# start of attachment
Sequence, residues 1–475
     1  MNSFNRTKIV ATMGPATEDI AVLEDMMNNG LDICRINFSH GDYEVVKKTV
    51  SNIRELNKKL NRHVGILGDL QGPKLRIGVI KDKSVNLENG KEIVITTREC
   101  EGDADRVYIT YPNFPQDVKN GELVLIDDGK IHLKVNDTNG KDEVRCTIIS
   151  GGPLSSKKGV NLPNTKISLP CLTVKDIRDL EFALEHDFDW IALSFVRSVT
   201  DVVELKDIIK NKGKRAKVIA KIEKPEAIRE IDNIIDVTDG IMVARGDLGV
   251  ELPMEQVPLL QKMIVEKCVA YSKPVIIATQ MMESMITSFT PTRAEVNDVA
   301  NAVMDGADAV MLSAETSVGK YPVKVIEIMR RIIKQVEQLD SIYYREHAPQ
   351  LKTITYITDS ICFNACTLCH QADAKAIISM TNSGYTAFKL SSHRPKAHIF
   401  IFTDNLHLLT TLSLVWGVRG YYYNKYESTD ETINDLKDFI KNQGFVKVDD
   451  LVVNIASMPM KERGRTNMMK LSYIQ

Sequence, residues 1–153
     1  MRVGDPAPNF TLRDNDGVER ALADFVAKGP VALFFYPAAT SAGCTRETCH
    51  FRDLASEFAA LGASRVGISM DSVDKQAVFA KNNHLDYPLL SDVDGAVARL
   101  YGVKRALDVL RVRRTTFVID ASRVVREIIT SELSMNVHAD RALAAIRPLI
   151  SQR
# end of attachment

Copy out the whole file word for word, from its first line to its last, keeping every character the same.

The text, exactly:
Sequence, residues 1–475
     1  MNSFNRTKIV ATMGPATEDI AVLEDMMNNG LDICRINFSH GDYEVVKKTV
    51  SNIRELNKKL NRHVGILGDL QGPKLRIGVI KDKSVNLENG KEIVITTREC
   101  EGDADRVYIT YPNFPQDVKN GELVLIDDGK IHLKVNDTNG KDEVRCTIIS
   151  GGPLSSKKGV NLPNTKISLP CLTVKDIRDL EFALEHDFDW IALSFVRSVT
   201  DVVELKDIIK NKGKRAKVIA KIEKPEAIRE IDNIIDVTDG IMVARGDLGV
   251  ELPMEQVPLL QKMIVEKCVA YSKPVIIATQ MMESMITSFT PTRAEVNDVA
   301  NAVMDGADAV MLSAETSVGK YPVKVIEIMR RIIKQVEQLD SIYYREHAPQ
   351  LKTITYITDS ICFNACTLCH QADAKAIISM TNSGYTAFKL SSHRPKAHIF
   401  IFTDNLHLLT TLSLVWGVRG YYYNKYESTD ETINDLKDFI KNQGFVKVDD
   451  LVVNIASMPM KERGRTNMMK LSYIQ

Sequence, residues 1–153
     1  MRVGDPAPNF TLRDNDGVER ALADFVAKGP VALFFYPAAT SAGCTRETCH
    51  FRDLASEFAA LGASRVGISM DSVDKQAVFA KNNHLDYPLL SDVDGAVARL
   101  YGVKRALDVL RVRRTTFVID ASRVVREIIT SELSMNVHAD RALAAIRPLI
   151  SQR